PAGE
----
I became an atheist with reluctance.  I did not want all I believed in for forty years to be a lie.  I could not, however, hide my head in the sand.  I cannot accept any notion that is not provable, logical, rational.  But in loosing ‘the faith,’ I am bound up in a conundrum.  The ‘god’ idea wrapped life in a nice little package and placed ‘the unexplainable’ in a little corner where I could say, ‘some day god will show me.’  God went away but all those unexplainable events, ideas, realities, did not.  They’ve come out of the corner and dance around my head like a troop of malevolent ballet dancers.

Worst of all, I realize now that it’s unlikely I will ever know the truth.  All I have is the life I live.  Time is very short.  My ability to discover truth is extremely limited.  And that ultimate expectation that god would explain it all to me ‘over there’ is completely gone.  Thus there is no happiness.  There is only longing and desire for answers.  So I continue to seek, to question, to look, and, in total contradiction to what I believe, to hope.

Whatever we may be.  Wherever we come from.  Wherever we’re going, there are answers and solutions.  Either my days will end and I will dissolve into nothing and it will not matter or at some point before my last day it will all become clear.  Until then, I remain, the seeker.

May 17, 2011 Posted by | Religion | , , , , , , , , , | Leave a comment

Yes, Mom, I am an Atheist

a⋅the⋅ist – a person who denies or disbelieves the existence of a supreme being or beings. (Dictionary.com)

Yes this is Christmas.  I’m back from hiatus for a short time.

A few  years ago in my zeal to put the local idiotic right wingers in their place I wrote letters to the paper.  True to form those “good Christian brethren” responded with nasty words and accusations.  One of the accusations was that I was an atheist.  My mom was still with us and her dear old Baptist friends had shared with her something of the letters and she was worried.  One day while I was re-roofing her home due to hurricane damage she looked up at me on the house and asked, “son, are you an atheist?”

“No, mah, I’m not,” I said.  And I wasn’t.  I was at that time trying to hold onto some kind of faith after having been ripped asunder by a collection of cowardly Christians (the story is in the archives of this blog).  I tried hard.  I really did.  But faith just would not come.

As my mom lay dying in the hospital and I spent every minute with her (more archived stories here) my faith in a so-called God fizzled away.  My conservative Christian siblings were in large part the main reason I lost all faith.  As I’ve written before here, by the time Mom died I’d become a true Buddhist.  But I wasn’t yet ready to call myself an atheist.  That seemed so hopeless and final!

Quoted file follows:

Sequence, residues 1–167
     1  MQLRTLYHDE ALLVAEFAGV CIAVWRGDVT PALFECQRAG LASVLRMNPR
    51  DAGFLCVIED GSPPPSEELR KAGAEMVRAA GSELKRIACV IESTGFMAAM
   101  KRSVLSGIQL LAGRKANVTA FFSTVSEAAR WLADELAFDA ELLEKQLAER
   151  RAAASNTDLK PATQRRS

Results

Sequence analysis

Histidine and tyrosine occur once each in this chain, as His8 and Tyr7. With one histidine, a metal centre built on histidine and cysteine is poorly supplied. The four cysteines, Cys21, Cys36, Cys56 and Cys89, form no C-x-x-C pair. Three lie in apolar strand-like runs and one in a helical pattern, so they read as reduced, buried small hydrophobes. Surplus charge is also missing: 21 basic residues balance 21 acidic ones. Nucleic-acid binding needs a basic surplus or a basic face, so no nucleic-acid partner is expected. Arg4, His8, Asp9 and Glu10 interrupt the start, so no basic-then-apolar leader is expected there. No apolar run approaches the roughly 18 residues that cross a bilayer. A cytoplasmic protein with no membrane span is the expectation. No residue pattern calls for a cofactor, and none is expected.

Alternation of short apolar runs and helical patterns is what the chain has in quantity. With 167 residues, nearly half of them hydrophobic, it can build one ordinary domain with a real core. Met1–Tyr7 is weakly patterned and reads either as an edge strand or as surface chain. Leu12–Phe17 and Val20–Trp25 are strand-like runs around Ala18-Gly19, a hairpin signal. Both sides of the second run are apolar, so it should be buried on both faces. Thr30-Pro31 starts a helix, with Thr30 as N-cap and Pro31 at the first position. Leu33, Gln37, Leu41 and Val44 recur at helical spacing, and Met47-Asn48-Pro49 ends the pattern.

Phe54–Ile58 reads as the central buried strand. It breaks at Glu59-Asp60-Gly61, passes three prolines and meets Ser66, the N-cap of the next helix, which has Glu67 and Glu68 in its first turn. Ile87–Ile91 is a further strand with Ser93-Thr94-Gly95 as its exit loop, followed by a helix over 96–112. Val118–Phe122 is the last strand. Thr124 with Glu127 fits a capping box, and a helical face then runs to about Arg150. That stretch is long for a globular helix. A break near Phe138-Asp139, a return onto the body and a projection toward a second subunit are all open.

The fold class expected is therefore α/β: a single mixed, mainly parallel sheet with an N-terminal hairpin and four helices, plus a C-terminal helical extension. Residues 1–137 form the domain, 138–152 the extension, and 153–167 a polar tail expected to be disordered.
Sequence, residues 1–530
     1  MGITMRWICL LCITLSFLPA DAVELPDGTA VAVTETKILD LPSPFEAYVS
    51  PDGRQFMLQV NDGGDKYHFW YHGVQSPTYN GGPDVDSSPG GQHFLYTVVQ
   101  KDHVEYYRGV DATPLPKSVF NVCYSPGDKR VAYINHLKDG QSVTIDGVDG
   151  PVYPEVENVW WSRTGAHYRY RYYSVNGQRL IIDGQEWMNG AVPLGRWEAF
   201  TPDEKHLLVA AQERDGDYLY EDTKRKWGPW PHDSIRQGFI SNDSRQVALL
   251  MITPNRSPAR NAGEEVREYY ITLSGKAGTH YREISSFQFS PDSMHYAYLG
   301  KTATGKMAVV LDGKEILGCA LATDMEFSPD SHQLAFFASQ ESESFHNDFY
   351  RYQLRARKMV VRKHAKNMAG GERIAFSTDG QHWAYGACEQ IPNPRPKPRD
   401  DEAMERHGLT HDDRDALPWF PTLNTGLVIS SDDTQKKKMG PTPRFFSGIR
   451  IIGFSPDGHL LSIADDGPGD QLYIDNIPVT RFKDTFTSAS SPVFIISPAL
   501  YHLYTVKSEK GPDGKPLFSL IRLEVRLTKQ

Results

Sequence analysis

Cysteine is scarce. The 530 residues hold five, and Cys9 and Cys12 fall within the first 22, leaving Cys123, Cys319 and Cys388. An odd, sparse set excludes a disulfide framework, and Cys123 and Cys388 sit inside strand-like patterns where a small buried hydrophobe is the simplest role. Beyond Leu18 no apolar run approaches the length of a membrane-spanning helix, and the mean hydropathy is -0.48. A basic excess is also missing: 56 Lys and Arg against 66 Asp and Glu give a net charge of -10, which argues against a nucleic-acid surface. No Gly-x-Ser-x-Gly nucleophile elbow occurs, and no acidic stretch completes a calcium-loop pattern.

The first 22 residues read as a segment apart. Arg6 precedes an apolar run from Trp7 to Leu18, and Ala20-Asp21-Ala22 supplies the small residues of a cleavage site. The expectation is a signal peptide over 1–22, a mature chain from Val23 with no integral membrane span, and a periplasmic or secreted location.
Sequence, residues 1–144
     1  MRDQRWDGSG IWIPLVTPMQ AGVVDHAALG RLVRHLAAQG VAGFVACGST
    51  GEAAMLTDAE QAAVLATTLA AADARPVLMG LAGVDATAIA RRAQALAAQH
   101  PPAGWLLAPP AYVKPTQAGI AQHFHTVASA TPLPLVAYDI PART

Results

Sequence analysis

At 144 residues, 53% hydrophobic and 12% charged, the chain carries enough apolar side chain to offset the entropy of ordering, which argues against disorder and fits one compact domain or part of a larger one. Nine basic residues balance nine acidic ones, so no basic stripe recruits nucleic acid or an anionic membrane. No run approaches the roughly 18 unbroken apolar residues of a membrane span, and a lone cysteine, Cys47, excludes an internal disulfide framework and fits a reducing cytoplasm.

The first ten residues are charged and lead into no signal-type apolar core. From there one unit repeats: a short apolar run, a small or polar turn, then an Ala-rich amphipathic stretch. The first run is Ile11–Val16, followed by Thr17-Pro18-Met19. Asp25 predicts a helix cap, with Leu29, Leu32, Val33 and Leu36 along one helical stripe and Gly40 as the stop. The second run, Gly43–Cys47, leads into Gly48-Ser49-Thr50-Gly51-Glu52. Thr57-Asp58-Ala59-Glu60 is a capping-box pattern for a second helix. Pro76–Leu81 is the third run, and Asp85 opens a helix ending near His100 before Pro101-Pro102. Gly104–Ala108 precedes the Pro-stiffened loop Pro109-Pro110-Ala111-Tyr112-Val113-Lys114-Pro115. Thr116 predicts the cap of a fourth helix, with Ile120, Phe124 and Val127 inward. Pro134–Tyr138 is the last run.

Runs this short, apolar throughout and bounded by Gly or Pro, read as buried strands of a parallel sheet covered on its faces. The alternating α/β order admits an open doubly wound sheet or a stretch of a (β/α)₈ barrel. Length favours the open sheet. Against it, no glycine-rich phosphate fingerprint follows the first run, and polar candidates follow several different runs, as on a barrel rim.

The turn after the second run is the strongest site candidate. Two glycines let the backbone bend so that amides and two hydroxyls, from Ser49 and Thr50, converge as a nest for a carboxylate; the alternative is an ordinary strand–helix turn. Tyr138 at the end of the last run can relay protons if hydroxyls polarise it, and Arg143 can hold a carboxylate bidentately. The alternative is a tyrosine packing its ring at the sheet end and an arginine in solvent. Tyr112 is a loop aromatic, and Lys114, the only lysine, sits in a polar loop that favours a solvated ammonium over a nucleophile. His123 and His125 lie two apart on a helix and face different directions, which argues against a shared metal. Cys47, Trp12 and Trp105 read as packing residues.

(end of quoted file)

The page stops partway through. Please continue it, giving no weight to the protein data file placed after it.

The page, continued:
Buddha, of course, believed in the existence of “gods,” spirit beings, though he did not consider them any more than consciousnesses on a higher plane.  He did not from all accounts ever believe there was a “supreme being” of any sort.  For some time I tried to believe in the “Higher Power” concept, that there must be a creator or “God,” just not the one described and worshiped by the Big Three, Christianity, Judaism and Islam.

Over the course of the year since Mom passed I’ve wrestled with that word “atheist.”  It is the antithesis of everything I stood for for more than forty-five years.  Atheists were, at one time, the ultimate enemy.  I moved closer and closer to the term “Agnostic,” which means “a person who holds that the existence of the ultimate cause, as God, and the essential nature of things are unknown and unknowable, or that human knowledge is limited to experience,” according to dictionary.com.  It’s a convenient cop-out for a lot of folks who are really atheists and for a lot more who just won’t accept all of their particular learned religion but can’t turn loose of it altogether.  But being an “agnostic” is merely choosing not to deal with the subject: “…yeah, maybe, sure, there has to be a God or something, doesn’t there?  I mean, just look….”  The “just look” is followed by assorted “evidence” provided by that person’s learned religion.

I was just like that.   I didn’t want to call myself an “atheist.”  it sounded to final, too cold.  But I knew I could not accept the idea of a “supreme” God.  I have no problem believing there are entities that some call spirits that inhabit some kind of existential or other-world place.  I’ve witnessed things in my life that makes it hard to deny there are some kinds of evil spirits around, or at least spirits that contradict Christian belief.  Or maybe it’s all part of a spiritual game being played on us by the other-world entities, or aliens, or who knows what.  I don’t.  But what I cannot any longer believe is that there is a “Creator” who created the whole universe.

One of the clinchers for me was a wonderful but terrifying graphic derived from Hubble called the Deep Space Survey.  I think I’ve written about that here too.  Considering the unfathomable size of this universe it’s impossible to believe all that is “out there” was “created.”  If it was, if that entire vastness was or is the creation of some kind of deity, there’s no logical reason such a deity would visit itself on this planet as the Big Three contend.  We’re a speck on a speck on a speck.  Our galaxy is a dot on a slide on some distant alien’s telescope.  We are nothing.  So no, I can’t accept the idea of a “Creator.”